End of a Summer Odyssey


Greetings readers and fellow history-lovers.

Well, I’m back from my adventures across the sea, and I had an amazing, blessed time.

I tried to keep you all up-to-date via the Instagram feed, but my Peloponnesian connectivity was a bit dodgy.

Needless to say, I’ve got a tonne of pictures and some video which I’ll be sharing with you over the coming months.

The ancient theatre of Epidaurus

The ancient theatre of Epidaurus

I didn’t get to all the sites I wanted to see, but I did manage to visit the ancient theatre and agora of Argos, which I’ve wanted to see for years. I also made return visits to the theatre of Epidaurus, as well as the Sanctuary of Asclepios there. In Athens, I made a return visit to the Acropolis, and the new museum which was amazing.

Feeling good after lunch by the sea

Feeling good after lunch by the sea

Normally, I would have taken in many more sites, but this trip was more about family and friends for me. That said, just driving across the landscape in Greece, or swimming in the turquoise sea, is not only inspiring, it’s also a form of research. This ancient landscape, especially in the Peloponnese, remains relatively unchanged, from the incredible light and colour, to the flocks of goats and sheep bounding up mountainsides, to the whirring of cicadas in the dry, pine-scented heat. You step back in time in rural Greece.

The Temple of Olympian Zeus in Athens, as seen from the Acropolis

The Temple of Olympian Zeus in Athens, as seen from the Acropolis


I’ll share my experiences of the sites and more with you in future blog posts.

As for the book I had planned on finishing, well… let’s just say that the goal I had set myself was unrealistic. I managed to finish about a third of Heart of Fire, and I’m happy with that. Here’s why:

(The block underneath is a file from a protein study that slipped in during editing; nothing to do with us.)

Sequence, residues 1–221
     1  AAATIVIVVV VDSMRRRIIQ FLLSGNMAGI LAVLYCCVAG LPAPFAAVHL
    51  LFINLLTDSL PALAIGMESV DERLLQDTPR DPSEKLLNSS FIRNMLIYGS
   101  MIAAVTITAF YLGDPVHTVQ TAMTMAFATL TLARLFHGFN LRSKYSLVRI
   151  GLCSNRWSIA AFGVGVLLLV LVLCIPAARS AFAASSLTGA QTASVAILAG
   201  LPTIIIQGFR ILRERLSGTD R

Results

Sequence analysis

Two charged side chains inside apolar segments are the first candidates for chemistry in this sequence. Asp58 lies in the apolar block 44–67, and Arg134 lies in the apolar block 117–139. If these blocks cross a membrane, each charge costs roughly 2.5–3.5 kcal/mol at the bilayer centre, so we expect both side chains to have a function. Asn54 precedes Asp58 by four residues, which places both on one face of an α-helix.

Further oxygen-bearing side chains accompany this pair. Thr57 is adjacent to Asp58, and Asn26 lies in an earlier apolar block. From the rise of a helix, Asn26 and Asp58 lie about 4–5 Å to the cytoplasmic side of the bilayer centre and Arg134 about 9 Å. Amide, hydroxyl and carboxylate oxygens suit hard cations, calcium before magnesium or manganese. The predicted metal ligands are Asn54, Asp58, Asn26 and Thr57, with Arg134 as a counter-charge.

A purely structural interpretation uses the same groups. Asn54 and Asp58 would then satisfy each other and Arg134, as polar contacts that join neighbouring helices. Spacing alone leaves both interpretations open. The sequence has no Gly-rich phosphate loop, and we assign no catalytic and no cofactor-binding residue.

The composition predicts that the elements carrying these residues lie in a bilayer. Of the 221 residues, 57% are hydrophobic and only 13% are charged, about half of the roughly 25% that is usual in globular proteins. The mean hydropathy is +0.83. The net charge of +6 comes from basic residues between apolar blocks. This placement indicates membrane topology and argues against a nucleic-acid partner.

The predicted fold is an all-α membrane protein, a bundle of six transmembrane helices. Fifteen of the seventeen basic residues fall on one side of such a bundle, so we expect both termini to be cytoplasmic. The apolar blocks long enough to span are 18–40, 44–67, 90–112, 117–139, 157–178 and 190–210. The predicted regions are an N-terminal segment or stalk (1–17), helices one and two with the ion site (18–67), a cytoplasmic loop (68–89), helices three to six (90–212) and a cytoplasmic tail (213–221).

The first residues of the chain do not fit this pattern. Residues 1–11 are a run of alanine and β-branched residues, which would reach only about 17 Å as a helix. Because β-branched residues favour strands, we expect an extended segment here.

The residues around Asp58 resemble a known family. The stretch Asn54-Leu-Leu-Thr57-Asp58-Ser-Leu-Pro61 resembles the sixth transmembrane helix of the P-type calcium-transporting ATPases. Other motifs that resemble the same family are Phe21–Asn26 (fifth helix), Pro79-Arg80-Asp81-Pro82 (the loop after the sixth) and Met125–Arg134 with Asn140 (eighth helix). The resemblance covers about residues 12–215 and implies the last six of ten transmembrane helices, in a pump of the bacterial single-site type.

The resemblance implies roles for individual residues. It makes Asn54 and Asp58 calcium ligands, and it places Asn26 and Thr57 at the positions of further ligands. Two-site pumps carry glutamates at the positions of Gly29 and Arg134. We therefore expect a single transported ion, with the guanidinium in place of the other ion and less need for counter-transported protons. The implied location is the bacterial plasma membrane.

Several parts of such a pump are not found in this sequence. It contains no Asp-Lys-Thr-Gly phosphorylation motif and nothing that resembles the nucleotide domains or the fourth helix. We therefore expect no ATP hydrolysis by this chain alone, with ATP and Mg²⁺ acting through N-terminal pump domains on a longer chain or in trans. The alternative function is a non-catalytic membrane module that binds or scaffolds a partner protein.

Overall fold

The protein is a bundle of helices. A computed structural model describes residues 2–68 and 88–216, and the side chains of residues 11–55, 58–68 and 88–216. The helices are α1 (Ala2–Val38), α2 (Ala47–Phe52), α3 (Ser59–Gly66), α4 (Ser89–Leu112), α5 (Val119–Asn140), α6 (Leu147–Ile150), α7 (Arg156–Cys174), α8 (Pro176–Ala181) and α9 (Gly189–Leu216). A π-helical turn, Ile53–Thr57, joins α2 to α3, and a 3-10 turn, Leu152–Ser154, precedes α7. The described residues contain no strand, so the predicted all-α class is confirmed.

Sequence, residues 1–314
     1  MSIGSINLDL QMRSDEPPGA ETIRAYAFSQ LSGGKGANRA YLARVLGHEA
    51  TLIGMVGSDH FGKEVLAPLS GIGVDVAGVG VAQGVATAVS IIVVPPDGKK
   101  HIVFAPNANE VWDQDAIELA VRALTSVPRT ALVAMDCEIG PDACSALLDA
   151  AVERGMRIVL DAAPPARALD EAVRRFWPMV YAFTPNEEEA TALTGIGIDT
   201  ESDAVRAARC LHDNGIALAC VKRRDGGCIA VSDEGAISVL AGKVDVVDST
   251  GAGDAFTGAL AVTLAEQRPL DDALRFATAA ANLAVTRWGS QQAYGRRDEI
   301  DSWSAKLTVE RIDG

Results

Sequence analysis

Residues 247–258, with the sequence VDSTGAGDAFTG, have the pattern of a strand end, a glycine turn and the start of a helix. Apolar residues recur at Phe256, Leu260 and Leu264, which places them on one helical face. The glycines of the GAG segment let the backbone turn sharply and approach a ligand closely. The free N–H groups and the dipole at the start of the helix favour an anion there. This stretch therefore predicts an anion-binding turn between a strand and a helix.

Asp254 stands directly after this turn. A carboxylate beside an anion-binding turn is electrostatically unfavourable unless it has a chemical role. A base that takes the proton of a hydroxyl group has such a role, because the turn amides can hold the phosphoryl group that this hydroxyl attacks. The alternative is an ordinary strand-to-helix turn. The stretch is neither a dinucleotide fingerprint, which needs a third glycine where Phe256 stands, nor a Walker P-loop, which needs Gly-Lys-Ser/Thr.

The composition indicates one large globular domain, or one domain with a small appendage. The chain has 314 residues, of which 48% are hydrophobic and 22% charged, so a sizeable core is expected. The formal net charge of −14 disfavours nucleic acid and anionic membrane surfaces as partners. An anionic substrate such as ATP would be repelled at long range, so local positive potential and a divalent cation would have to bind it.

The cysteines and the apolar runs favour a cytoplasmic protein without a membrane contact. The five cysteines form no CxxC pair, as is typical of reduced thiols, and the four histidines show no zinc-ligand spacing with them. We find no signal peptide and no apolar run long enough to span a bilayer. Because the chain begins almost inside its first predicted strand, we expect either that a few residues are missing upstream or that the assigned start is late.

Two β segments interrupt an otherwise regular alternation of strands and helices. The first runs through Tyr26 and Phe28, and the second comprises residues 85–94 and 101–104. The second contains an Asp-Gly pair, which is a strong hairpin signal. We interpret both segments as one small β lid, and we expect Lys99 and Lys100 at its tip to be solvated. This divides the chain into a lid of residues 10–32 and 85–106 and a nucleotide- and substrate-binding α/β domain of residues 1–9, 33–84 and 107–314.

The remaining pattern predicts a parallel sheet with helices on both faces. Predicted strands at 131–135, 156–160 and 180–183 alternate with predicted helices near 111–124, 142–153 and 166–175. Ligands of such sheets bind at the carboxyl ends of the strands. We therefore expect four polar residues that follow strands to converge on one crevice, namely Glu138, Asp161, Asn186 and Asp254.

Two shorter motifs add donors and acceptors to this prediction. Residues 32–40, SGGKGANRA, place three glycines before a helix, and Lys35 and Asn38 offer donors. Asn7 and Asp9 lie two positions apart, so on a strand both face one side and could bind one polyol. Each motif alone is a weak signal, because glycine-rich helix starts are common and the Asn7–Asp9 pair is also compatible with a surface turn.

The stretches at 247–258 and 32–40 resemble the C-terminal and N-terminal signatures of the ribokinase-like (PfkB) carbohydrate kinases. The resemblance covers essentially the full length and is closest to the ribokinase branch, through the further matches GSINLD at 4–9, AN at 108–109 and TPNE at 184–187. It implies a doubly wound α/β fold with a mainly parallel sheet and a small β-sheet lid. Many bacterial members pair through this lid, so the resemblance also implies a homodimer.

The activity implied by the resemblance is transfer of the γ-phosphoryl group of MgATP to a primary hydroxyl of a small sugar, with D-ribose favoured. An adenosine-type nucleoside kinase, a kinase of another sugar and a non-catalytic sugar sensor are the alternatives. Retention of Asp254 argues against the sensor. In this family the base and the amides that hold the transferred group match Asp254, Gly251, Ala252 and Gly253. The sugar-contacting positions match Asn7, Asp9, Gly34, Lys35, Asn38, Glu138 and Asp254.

For the first half of the trip, I was getting up at about 7 am every morning to write outside for a couple of hours, but, as the ‘schedule’ began to fill with visits from dear friends and family I hadn’t seen in a long time, it became harder to squeeze in the writing time. Worse, I began to stress about getting that writing time!

Theatre and agora of ancient Argos

Theatre and agora of ancient Argos

That’s when I had an epiphany.

I realized that my vacation was slipping by, and that I was wasting my precious time worrying and not relaxing. After all, isn’t that what vacations are for?

I also remembered that, in the past, I wasn’t trying to squeeze in writing while on vacation. I was always absorbing the history, the sights, the smells, and the feel of the world around me.

The Wine-Dark Sea

The Wine-Dark Sea

The writing was always something that came afterward, when I was missing the places I had been to, reviewing my mental tapes of the entire odyssey. I forgot that I would have an acute case of the ‘Aegean Blues’ after my trip, and that this would be something I could use well after the fact.

So, about half-way through my trip, I stopped worrying and began to absorb and enjoy much more. I wrote when I could, but I just let it go if the day was not conducive to it – plenty of time to write afterward.